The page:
With their missing limbs and headpieces resembling B-2 bombers, Jim Neel’s 50 ceramic warrior-chimpanzees are doomed to repeat the mistakes—and wars—of the past. The installation, part of an exhibition series on animals, was on display at the John Michael Kohler Arts Center in Sheboygan, Wis. A soundtrack of 50 disparate voices reciting Percy Bysshe Shelley’s sonnet “Ozymandias” played alongside the sculptures. Because each voice started at a different point, the poem, inspired by the declining empire of the Egyptian pharaoh Ramses II, is a chaotic, unintelligible jumble. Hence the exhibit’s name: “Babel.”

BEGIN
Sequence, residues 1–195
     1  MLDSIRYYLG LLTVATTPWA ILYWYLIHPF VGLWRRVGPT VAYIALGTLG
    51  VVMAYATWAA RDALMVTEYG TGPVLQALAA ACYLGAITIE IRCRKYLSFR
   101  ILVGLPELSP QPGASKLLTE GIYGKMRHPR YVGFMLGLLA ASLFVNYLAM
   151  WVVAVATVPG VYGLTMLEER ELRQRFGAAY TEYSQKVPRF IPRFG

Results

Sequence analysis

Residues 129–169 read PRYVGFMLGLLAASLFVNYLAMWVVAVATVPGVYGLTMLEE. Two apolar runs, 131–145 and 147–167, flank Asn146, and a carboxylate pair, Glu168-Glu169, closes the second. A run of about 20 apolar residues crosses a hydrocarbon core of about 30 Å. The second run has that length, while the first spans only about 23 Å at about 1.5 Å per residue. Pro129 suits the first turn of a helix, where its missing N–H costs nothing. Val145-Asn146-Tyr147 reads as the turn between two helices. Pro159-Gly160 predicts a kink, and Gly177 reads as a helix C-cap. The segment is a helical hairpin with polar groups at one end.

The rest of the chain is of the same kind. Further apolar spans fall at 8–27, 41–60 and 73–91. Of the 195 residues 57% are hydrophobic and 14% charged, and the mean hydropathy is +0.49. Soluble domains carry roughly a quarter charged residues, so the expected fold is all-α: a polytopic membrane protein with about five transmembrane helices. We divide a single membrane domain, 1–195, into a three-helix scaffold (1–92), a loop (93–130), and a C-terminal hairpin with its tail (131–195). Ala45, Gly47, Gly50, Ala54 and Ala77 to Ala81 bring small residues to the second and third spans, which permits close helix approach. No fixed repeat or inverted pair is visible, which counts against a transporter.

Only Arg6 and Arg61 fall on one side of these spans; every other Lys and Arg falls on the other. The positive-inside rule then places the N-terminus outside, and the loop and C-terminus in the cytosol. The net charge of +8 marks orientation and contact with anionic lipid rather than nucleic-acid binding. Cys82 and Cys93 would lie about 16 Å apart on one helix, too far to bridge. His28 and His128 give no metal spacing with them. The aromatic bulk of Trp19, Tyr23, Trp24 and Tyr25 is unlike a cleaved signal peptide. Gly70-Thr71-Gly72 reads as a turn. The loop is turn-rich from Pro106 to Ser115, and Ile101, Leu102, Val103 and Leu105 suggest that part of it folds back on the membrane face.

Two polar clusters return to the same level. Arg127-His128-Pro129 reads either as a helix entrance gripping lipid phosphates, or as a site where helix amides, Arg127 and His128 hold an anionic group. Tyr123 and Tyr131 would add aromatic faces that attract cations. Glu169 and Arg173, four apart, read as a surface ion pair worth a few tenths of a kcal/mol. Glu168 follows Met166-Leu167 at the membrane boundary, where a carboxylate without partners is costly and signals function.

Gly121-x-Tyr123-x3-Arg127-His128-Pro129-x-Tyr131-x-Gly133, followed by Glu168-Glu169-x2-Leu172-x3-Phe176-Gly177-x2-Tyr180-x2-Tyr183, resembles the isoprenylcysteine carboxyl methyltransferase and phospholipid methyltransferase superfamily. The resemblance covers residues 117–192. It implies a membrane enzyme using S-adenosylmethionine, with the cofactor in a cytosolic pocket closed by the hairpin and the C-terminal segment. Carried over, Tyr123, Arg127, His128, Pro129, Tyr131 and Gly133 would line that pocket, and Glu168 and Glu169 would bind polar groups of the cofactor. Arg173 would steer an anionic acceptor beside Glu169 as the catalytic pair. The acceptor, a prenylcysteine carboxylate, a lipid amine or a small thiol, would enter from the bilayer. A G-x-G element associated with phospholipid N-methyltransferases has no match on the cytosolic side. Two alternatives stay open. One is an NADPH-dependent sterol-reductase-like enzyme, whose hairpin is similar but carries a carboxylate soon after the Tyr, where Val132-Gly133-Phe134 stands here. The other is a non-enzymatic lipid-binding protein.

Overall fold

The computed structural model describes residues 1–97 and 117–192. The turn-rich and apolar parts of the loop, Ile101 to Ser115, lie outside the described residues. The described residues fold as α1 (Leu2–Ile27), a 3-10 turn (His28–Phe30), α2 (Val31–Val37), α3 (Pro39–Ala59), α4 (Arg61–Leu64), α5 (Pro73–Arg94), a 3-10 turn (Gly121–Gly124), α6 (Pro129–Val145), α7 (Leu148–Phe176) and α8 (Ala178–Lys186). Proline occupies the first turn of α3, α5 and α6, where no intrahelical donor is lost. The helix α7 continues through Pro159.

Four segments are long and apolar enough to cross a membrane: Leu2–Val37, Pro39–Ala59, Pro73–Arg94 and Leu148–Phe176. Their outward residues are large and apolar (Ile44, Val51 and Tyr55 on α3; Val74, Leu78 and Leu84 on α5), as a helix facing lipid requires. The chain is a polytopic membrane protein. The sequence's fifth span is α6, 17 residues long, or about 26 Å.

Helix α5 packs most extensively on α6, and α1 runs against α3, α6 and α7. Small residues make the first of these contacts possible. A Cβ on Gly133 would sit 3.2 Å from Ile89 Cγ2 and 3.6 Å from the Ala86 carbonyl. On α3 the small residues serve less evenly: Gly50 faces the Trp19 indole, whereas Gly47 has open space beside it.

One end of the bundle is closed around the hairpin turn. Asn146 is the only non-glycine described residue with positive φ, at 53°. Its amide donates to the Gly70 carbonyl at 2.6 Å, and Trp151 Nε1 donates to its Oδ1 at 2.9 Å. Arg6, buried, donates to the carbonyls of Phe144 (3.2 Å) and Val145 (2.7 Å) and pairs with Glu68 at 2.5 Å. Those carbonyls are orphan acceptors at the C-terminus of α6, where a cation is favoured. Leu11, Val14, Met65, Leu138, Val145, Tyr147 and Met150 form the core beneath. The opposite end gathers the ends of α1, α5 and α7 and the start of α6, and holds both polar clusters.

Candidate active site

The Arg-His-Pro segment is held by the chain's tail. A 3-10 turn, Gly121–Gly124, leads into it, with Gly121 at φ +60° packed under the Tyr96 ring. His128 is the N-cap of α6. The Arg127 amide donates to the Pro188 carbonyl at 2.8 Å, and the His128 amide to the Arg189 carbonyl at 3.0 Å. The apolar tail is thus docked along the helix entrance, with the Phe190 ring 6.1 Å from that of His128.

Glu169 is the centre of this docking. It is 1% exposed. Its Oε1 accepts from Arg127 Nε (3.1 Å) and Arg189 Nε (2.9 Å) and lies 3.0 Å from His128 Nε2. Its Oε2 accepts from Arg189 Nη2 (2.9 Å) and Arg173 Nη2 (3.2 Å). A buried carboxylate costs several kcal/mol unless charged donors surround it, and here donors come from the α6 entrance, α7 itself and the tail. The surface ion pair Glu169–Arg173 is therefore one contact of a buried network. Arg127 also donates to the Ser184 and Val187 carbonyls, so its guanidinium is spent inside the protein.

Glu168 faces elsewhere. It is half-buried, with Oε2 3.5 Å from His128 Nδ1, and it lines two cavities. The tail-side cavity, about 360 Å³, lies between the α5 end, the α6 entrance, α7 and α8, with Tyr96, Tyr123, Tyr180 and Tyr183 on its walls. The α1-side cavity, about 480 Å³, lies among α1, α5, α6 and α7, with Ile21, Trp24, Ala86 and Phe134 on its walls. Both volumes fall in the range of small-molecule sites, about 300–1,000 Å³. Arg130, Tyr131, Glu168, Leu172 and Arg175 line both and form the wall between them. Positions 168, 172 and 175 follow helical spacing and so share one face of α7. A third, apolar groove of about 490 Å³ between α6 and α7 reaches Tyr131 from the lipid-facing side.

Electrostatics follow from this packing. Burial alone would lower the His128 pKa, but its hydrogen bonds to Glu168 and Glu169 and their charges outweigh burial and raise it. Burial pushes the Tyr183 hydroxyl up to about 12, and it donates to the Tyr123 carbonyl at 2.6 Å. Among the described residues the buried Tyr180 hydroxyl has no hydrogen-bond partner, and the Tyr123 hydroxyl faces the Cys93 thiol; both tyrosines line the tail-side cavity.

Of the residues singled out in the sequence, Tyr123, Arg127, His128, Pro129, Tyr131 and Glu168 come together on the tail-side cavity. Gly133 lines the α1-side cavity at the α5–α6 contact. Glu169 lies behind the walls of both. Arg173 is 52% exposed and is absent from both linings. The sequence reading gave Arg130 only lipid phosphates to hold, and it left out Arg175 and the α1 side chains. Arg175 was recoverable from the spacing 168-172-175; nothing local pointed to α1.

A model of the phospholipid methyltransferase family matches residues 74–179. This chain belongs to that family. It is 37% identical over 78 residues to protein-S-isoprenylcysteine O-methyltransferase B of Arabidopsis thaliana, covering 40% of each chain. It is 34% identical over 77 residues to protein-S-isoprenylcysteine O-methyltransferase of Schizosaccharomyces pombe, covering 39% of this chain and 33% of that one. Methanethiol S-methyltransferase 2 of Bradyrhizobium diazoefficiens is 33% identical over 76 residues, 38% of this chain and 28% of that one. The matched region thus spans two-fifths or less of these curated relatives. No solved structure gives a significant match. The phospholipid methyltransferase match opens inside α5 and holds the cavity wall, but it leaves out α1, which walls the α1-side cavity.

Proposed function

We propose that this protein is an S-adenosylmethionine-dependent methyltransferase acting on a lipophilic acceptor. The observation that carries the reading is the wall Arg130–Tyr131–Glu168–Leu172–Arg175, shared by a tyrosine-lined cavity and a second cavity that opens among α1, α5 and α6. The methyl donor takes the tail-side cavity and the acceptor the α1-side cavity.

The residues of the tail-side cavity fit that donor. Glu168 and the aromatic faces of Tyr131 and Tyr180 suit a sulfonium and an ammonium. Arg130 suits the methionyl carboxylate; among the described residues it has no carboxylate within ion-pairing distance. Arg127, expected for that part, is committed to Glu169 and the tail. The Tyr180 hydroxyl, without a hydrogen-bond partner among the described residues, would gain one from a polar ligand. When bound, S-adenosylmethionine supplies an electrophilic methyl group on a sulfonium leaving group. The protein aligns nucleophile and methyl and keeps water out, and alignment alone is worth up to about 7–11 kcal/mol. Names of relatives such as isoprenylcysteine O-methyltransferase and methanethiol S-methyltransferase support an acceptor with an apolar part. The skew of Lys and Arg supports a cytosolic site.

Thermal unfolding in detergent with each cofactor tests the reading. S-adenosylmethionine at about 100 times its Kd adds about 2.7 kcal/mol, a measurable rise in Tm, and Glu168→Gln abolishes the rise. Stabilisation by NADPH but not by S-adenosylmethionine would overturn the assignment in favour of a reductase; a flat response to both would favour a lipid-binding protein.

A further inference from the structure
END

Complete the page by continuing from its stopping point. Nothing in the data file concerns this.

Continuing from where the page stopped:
Neel sculpted his army during a 2008 artist’s residency at the nearby Kohler Co., using the same porcelain material that the manufacturer’s craftspeople use to make sinks, toilets, and other bathroom fixtures. “I couldn’t have done it without their help,” he says. Using chimpanzees allowed him to avoid choosing an ethnicity for his sculptures, but also conveyed universality and roteness (and fascinated visiting children who imagined an army straight out of The Wizard of Oz).